For the most part, I still try to pack like I'm going to live on a 34-ft salmon troller. I've seen a lot of burly tugboaters casually wrestling with enormous rolling luggage or haphazardly-filled garbage sacks. If you're ladyfolk, though, your luggage will somehow become a Symbol of Gender and boatbros may give you shit if it has wheels or colors or seems, ahem, "delicate." You can plan to minimize this, or you can go get a Bedazzler and cover your luggage with an enormous middle finger made of rhinestones. I support you regardless.
My bag is a canvas duffel from Goodwill. I sewed a skull and crossbones on it. For morale.
The luxury of on-board laundry means I can pack clothing for 5 days and plan for two wash cycles during the 15 day tour.
Summer is light, ripstop pans with many pockets; crewneck tshirts with some sleeve (I buy men's undershirts in black: they're fitted without being form-fitting, don't advertise my armpits, and don't show engine grease), thin wool socks and a hoodie or windbreaker. Winter is all that plus longjohns and a wool sweater, thick wool socks, and a safety-yellow wool hat knitted by a dear friend. And a backup hat. And more socks.
Bring sleepwear appropriate for emergency muster and/or bathroom trips through the galley.
Always bring rain gear. I personally don't like the Tactical Breathable Gore-tex variety. The material’s magical pores fill up with grime, I don't have the time or space to be re-treating it with whatever fancy spray it wants, and it gets ripped open regularly by the many sharp corners on deck. I like the old PVC stuff that is basically two squares with arms and legs and a hood slapped on. Viking Journeyman Oil Resistant costs $30 or so, and has lasted me years. This is also good stuff for commercial fishing (just chop the sleeves off at 3/4 so they don't wick fish blood up to your elbows).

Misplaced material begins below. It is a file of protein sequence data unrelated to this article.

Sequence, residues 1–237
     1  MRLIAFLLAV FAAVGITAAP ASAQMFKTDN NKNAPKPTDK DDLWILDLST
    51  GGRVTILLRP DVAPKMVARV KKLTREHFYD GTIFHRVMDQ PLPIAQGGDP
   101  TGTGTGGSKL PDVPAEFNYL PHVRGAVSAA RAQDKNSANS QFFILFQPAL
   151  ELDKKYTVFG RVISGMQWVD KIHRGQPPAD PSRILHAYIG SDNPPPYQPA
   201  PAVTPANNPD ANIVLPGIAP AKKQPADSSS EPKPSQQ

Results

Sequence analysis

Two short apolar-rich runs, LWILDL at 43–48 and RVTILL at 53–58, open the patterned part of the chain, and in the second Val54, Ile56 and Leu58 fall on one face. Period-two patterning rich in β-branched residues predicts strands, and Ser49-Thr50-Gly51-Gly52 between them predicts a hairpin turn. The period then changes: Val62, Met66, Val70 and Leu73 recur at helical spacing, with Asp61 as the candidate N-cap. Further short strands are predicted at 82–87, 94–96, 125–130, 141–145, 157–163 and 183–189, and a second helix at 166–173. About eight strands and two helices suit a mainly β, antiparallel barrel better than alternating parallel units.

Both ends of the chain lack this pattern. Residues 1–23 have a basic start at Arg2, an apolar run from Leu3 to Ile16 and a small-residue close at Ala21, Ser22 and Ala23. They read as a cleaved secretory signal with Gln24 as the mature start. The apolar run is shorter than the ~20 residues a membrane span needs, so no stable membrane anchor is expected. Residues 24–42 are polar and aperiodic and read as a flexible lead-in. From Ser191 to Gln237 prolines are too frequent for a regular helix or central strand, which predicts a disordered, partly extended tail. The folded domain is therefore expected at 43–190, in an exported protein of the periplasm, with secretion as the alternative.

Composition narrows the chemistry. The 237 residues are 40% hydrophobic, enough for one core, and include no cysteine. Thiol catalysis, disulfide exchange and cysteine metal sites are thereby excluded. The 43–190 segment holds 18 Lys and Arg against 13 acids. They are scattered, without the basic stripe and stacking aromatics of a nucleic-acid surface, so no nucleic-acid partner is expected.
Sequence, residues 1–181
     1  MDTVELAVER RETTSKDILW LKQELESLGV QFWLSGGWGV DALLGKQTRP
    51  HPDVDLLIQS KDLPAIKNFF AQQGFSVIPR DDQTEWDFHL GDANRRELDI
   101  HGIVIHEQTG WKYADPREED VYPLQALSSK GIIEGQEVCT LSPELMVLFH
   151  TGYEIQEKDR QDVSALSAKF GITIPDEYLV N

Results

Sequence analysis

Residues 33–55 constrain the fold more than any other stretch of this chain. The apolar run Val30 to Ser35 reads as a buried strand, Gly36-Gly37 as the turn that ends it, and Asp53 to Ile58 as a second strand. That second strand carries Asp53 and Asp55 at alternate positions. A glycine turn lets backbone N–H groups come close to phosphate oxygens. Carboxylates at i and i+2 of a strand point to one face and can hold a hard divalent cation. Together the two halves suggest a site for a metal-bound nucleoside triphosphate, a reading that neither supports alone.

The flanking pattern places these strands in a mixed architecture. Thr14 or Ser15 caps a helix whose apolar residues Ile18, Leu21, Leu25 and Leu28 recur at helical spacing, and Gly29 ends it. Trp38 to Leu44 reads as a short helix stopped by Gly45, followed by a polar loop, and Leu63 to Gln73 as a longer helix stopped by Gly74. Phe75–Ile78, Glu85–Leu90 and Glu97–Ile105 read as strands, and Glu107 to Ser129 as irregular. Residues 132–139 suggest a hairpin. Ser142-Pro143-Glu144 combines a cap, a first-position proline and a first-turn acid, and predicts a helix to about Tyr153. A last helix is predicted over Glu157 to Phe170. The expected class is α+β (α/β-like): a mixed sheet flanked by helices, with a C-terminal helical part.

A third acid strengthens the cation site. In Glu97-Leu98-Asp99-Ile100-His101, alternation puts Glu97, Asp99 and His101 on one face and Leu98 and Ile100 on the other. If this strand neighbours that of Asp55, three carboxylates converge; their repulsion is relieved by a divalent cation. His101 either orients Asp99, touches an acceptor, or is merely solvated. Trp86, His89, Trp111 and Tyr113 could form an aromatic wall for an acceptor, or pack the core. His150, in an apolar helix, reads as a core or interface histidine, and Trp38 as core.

A Kindle and an mp3 player. CHARGERS. Toiletries, always to include a Diva cup, baby wipes for removing engine oil between showers, and heavy-duty lotion. Travel-size, screw-top bottles for all liquids. Two tennis balls and a giant rubber band for DIY physical therapy. Stick-on disposable heating pads are pretty great, if you get cramps.
A pair of leather Keen shoes and a pair of steel-toe rubber boots (Xtratufs are flexible and have good traction, and make you look Super Legit on the West Coast. Seriously, I think I got my job in part because I wore these to the interview).
A chart book, so I know where the hell we are when there's no phone reception.
Extra gloves. A headlamp and flashlight. Locking-blade pocket knife. Victorinox serrated knife for emergencies, strapped to my life vest. Life vest pockets also contain a tiny winch repair kit, electrical tape, cheap plastic safety glasses, and a continuity tester. Basically anything I would need on the barge and not want to spend 5 minutes fetching.
Basic meds, if the boat doesn't have them. Melatonin, if that's your jam. Good chocolate and your favorite tea.
And since I don't work on tiny boats anymore, and the staterooms are very soundproof: a banjo.